He is tough but sensitive; he doesn't give a crap if he gives up a touchdown or scores a touchdown, as long as it's even. But he was seriously discouraged by the 7-on-5 thing and the fact it wasn't a fair fight, so no matter what he did, he got burned. He's eight!

Here's the question. Let's say it is a 7–5 player split again this weekend, which would lead to another 60-0, USA-invading-Grenada result.  Our coach is too scared and macho to do anything about it, but as a parent, would you consider going up to the opposing coach and saying, "Hey, these are eight-year-olds, can you just play six so it's more fun for everyone?" And if he refuses, force his hand and say "Well, if you're going to insist on 7-on-5 then my son is not going to play and there's no game." (I sort of have some leeway since we're only here for a year and I won't have to deal with the other parents or coach for the rest of his school years.)

I'm totally not a Little League screaming dad, but I do have a bee in my bonnet about fairness and just being decent when it is third and fourth graders. Mind you, I'm totally happy if the other team has a 6-on-5 player advantage!  But two is too much. Isn't it? (A totally separate issue is the reason they had only five players is because some of his teammates are also in soccer and fall baseball leagues.)

Throwing a Flag

Dear Penalty Killer,

You are concerned about your kid here, and rightly so. But you're writing because you also feel that you ought to be concerned about your social role. The Sophist understands the pressures you're perceiving. You do not want to be seen as the kind of parent who yells at the opposing coach, who ruins it for the other parents and the other kids, all for the sake of your own agenda. You do not want your kid to see you demanding special favors for him. Life is supposed to be about dealing with adversity, right?

One way of learning to deal with adversity, though, is by learning when to say "To hell with this." Persistence is nice—essential! priceless!—but there are other things your kid needs to master in life, too. Such as how to recognize when something is bullshit, and how to get out of it accordingly.

And this football thing is bullshit! Bizarre, sadistic bullshit. The Sophist assures you, you are not even remotely the heavy in this situation. The heavies are the league, and the opposing coach, and the opposing team's parents, and the entire structure that has somehow come to the conclusion that it is rightful, fair, or desirable for eight-year-old children to be trapped on the wrong side of the 1940 NFL Championship Game—or on either side, really.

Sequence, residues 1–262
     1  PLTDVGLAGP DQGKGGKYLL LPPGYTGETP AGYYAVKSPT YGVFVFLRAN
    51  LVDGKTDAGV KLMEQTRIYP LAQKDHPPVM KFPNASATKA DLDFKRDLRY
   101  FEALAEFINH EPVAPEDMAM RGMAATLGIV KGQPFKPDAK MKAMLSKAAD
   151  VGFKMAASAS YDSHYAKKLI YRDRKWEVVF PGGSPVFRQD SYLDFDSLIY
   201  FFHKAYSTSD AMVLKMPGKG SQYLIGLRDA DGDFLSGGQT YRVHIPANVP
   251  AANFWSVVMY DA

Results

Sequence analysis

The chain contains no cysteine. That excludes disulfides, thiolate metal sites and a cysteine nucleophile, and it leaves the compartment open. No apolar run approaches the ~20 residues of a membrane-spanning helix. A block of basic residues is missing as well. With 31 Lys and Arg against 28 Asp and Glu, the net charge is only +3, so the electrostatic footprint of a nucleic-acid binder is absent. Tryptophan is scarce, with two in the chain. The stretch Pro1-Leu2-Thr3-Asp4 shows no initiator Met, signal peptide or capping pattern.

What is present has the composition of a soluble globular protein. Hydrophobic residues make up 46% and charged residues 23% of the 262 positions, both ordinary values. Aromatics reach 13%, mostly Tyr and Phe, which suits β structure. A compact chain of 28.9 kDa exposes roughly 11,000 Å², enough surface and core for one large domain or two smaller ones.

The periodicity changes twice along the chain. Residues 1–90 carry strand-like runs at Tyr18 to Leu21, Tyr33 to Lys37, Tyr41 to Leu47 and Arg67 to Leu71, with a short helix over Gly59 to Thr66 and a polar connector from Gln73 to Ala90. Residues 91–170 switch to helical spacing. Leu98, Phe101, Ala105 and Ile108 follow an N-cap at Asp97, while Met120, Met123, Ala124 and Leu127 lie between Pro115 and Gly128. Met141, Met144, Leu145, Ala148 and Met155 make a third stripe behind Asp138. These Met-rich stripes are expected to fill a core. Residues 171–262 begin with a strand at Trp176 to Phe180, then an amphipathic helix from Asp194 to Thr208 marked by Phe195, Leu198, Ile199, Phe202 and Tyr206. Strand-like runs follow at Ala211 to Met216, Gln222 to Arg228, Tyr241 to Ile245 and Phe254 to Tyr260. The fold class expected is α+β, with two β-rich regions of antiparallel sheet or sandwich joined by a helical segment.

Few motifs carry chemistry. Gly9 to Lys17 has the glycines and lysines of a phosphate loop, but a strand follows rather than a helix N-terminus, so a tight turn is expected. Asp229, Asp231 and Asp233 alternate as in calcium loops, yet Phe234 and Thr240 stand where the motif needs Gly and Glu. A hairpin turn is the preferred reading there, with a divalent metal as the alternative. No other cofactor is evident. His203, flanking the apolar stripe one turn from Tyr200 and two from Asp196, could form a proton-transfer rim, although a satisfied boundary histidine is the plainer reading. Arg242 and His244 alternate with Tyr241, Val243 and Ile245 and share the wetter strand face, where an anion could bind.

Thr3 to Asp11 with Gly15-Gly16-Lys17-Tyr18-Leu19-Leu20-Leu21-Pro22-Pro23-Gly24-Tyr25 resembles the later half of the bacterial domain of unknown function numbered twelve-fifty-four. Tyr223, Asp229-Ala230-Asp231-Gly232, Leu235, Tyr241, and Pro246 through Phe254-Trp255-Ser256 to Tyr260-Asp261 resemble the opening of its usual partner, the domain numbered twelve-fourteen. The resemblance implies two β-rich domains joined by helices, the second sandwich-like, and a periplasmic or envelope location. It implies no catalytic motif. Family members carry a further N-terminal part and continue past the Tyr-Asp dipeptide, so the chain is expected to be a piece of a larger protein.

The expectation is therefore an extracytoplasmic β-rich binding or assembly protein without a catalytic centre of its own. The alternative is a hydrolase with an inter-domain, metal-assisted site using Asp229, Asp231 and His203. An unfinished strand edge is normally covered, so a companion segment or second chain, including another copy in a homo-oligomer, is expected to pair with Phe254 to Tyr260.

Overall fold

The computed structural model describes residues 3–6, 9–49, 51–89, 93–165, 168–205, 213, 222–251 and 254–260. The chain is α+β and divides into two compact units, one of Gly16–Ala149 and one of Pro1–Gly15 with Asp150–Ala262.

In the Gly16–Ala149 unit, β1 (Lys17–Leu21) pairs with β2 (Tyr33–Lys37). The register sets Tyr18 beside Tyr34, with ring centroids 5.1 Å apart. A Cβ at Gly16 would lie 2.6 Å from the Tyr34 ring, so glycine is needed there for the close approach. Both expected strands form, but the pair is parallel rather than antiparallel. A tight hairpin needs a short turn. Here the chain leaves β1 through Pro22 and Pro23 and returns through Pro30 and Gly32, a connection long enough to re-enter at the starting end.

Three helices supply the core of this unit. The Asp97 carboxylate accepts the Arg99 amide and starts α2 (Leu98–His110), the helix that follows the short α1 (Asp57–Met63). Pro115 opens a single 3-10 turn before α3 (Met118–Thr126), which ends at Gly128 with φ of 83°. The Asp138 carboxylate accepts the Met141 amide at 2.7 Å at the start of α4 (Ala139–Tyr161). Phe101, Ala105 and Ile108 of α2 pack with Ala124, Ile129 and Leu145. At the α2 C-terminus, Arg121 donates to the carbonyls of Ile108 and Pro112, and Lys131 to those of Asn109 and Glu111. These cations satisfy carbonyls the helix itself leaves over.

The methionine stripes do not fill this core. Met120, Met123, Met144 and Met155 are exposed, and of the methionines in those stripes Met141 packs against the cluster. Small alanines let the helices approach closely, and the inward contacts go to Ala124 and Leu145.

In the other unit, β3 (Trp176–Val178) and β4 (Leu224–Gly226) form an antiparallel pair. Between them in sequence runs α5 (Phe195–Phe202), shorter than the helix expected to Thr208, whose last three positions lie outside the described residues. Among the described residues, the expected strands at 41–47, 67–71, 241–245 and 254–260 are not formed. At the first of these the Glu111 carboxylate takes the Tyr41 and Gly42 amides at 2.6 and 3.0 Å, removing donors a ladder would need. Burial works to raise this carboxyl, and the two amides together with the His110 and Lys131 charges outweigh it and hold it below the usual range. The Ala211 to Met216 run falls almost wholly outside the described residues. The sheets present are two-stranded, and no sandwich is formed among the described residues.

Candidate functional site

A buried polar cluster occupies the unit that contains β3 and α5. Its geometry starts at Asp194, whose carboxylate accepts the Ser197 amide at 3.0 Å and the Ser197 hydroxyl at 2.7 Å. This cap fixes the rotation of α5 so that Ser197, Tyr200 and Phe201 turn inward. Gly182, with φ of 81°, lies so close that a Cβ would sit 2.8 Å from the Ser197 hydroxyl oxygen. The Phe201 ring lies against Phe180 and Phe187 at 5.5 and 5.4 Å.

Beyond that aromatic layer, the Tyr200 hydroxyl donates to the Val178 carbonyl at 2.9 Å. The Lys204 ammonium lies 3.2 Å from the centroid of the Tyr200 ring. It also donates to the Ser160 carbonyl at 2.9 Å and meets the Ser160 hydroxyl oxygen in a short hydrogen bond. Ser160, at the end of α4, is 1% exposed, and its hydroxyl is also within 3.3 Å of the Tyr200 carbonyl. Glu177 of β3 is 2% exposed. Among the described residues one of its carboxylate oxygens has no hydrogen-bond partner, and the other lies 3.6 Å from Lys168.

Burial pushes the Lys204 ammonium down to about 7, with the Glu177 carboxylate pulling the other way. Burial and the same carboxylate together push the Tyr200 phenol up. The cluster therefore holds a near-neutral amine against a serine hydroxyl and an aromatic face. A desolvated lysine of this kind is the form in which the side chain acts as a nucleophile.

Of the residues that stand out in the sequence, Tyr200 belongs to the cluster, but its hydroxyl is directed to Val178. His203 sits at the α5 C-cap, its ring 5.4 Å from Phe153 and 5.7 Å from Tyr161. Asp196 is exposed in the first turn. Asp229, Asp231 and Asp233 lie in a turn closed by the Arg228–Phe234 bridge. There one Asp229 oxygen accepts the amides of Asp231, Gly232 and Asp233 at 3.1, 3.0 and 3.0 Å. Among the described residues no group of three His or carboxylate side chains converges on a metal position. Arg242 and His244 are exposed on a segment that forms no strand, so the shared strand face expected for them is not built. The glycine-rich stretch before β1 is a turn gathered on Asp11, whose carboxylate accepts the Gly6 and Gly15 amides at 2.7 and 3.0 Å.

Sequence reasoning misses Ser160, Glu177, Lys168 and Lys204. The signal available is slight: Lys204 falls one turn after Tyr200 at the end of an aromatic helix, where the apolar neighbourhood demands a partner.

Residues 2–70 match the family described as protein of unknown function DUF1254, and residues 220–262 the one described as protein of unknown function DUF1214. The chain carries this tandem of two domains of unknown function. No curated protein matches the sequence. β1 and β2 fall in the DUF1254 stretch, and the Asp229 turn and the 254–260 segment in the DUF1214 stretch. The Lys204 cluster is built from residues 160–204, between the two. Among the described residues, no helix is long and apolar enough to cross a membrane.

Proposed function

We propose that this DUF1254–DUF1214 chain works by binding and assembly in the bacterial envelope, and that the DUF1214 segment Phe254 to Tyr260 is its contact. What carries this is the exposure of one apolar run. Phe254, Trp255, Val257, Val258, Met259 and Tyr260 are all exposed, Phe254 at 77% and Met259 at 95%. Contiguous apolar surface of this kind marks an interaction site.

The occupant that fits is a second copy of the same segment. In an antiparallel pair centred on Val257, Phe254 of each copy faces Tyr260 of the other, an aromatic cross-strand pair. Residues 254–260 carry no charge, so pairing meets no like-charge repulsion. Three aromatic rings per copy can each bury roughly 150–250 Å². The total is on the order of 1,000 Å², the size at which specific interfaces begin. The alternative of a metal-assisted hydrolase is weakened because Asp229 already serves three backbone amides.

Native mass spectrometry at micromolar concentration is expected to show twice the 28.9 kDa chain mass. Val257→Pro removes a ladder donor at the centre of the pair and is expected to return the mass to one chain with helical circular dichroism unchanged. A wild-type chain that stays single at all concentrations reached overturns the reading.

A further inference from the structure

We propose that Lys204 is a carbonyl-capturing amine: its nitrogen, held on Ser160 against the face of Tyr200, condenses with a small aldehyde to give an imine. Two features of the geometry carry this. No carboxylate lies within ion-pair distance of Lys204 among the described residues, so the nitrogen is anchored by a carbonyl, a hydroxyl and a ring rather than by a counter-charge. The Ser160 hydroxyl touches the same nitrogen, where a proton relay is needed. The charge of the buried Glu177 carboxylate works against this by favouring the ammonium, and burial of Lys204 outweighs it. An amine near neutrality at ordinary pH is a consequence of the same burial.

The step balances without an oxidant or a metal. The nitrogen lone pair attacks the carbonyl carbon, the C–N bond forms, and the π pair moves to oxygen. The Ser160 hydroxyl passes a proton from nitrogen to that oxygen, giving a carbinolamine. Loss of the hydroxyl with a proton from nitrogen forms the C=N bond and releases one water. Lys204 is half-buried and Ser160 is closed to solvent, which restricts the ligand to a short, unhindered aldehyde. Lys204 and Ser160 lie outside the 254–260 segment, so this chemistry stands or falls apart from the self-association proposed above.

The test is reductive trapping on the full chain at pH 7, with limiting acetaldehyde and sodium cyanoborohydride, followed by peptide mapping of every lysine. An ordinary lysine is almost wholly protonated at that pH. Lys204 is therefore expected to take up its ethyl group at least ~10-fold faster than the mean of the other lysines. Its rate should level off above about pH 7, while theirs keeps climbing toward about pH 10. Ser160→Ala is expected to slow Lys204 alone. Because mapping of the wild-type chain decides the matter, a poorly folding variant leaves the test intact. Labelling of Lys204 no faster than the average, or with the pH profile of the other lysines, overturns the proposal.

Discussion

It's miserable for your son to be trying to chase the ball everywhere at once, but what are his opponents getting out of it, either? Where's the joy catching a touchdown pass when you're one of three guys overwhelming the lone safety? What lesson is that young wideout learning that won't be cruelly debunked the next time he encounters honest man-to-man coverage?

It is too bad that your team's fellow parents double-booked their kids' sports events, leaving your son's squad short—but those parents are not the ones being punished for it! Under no theory of justice does it make sense to force the kids who did show up to endure an intentional mismatch. They're not being taught that flag football demands commitment and accountability, they're being taught that flag football is no fun. Maybe this means the league won't need to split any more overfilled rosters next season, because all the kids will have switched to badminton.

Patient, stoic endurance may be a virtue in its proper place, but it can easily blur into passive acquiescence. There are a lot of people who benefit from that blurring: the boss who forgets to pay you what you're owed, the politicians who slash government services, the corporations that jack up their profit margins under cover of inflation. Your ultimatum will draw a clear and memorable line for the players. When the game is rigged, kids, you have the right to walk away.

Don't forget to teach 'em the ol' fumblerooski,
The Sophist